(6) Place one of the coated papers on water so that its coated surface is brought into contact with water. Bring the paper into a contiguous relation with the other one, i.e., the dry paper so that their coated surfaces are bonded together. Place the bonded sample so obtained between two sheets of the filter paper and pass them through a calender. Repeat this operation three times with replacement of the filter paper after each operation. Subject the bonded sample to seasoning overnight in an air-conditioned chamber.
(7) Cut the bonded sample so obtained into widths of 3 cm. Peel off the sample at a part thereof and then peel it off from the peeled part by using a Tensilon tensile tester to measure its peeling strength.
2. Water solubility test
The compositions obtained in Examples 1 to 7 and aqueous polymer solutions obtained in Comparative Examples 1 and 3 were weighed, about 10 g each, in aluminum cups, respectively. They were diluted with a suitable amount of water and then dried for 24 hours in a room temperature vacuum drier, whereby films were obtained. About 0.5 g of each film was weighed precisely, placed in a 100-ml Erlenmeyer flask and added with 50 ml of water, followed by stirring on a shaker for 5 minutes. Any undissolved part of the film was thereafter taken out of the flask and dried at 105° C. for 2 hours. The weight of the film after dried was measured and the amount of the film dissolved in water was determined.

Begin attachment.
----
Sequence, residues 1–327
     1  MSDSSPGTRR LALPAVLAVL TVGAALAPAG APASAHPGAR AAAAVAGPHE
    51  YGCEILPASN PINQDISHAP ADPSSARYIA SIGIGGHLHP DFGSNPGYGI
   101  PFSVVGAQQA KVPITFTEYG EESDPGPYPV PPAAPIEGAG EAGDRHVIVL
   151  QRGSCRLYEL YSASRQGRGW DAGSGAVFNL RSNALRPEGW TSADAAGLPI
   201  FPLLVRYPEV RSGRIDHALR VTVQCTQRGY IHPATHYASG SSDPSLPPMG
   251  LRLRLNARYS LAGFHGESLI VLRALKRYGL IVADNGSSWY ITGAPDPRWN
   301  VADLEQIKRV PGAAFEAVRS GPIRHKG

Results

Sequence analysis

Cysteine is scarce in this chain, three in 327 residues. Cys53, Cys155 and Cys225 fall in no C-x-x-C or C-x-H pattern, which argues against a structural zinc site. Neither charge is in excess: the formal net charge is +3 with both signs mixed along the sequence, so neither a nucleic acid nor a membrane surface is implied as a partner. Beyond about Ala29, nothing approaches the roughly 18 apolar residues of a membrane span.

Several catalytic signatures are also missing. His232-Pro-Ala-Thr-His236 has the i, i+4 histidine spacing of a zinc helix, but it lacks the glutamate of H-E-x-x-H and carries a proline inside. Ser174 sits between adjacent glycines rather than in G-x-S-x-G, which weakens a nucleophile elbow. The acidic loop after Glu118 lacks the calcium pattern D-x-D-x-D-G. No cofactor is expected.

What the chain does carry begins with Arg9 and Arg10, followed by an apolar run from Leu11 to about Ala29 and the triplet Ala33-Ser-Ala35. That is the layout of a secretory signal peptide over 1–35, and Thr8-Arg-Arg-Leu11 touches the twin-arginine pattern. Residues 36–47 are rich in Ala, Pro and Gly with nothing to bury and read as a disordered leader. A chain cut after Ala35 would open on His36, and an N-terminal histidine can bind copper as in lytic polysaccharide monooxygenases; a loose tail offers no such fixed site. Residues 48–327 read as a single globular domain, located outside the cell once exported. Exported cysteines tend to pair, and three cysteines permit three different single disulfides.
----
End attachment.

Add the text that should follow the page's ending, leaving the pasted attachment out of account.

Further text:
Results of the water solubility test are shown in Table-1.
TABLE 1______________________________________ Resin coat weight Weight (g) and dissolved peeling strength* in waterTest No. A B (%)______________________________________Example 1 12 21 4Example 2 10 18 2Example 3 11 23 3Example 4 9 17 3Example 5 10 20 3Example 6 13 25 2Example 7 13 21 3Comp. Ex. 1 68 103 13Comp. Ex. 3 203 298 3______________________________________ *A indicates peeling strength at a coat weight of 0.3 g/m2 and B at 0.6 g/m2.
As can be seen from Table 1, the bonded sample coated with any one of the surface coating formulations according to the present invention had relatively low peeling strength and the film formed from any one of the surface coating formulations according to this invention had a small weight dissolved in water, thereby demonstrating effects of crosslinking. This indicates that the reaction product in each surface coating composition according to this invention had low solubility in water and has resistance to water at the time of offset printing. In Comparative Example 1, on the other hand, the bonded sample had high peeling strength and the film had a large weight dissolved in water. In Comparative Example 3, the weight dissolved in water is small but the peeling strength is extraordinarily high, thereby indicating the existence of a problem.
|Cited Patent||Filing date||Publication date||Applicant||Title|
|US4603176 *||Jun 25, 1985||Jul 29, 1986||The Procter & Gamble Company||Temporary wet strength resins|
|US5008344 *||Jul 5, 1988||Apr 16, 1991||The Procter & Gamble Company||Temporary wet strength resins and paper products containing same|
|USRE30259 *||Feb 23, 1979||Apr 22, 1980||The Japan Carlit Co., Ltd.||Water-soluble thermosetting resins and use thereof|
|EP0345566A1 *||May 26, 1989||Dec 13, 1989||National Starch and Chemical Investment Holding Corporation||Water soluble formaldehyde-free thermosetting crosslinking agents|